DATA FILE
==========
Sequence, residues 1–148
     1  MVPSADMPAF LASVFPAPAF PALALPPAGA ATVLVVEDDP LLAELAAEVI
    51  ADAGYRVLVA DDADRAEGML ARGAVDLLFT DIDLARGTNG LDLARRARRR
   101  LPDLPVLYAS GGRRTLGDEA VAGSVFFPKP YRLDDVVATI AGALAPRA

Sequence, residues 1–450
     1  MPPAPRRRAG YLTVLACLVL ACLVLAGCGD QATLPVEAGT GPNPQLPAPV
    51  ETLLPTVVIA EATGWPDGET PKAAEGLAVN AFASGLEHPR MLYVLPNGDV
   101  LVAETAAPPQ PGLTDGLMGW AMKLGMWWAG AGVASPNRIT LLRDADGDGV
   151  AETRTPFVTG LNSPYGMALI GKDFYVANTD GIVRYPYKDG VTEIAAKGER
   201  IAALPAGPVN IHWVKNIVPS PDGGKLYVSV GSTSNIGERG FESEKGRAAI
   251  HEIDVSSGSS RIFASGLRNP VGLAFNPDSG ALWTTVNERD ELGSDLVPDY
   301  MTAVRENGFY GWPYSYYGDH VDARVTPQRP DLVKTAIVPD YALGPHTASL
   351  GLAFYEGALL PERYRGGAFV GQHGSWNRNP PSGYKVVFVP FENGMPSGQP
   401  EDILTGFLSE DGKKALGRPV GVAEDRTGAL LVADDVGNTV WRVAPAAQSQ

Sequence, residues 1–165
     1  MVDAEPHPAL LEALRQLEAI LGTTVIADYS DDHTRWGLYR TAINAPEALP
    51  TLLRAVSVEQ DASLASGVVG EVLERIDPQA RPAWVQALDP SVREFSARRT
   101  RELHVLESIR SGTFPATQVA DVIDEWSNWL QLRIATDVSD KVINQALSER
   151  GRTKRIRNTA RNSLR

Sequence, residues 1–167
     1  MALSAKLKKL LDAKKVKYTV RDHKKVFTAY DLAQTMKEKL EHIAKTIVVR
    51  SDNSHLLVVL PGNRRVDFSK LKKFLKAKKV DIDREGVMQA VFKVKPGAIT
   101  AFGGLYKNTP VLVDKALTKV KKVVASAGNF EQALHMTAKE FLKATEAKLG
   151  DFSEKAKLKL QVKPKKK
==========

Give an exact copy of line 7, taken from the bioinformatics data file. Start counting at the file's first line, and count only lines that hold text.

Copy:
    51  ETLLPTVVIA EATGWPDGET PKAAEGLAVN AFASGLEHPR MLYVLPNGDV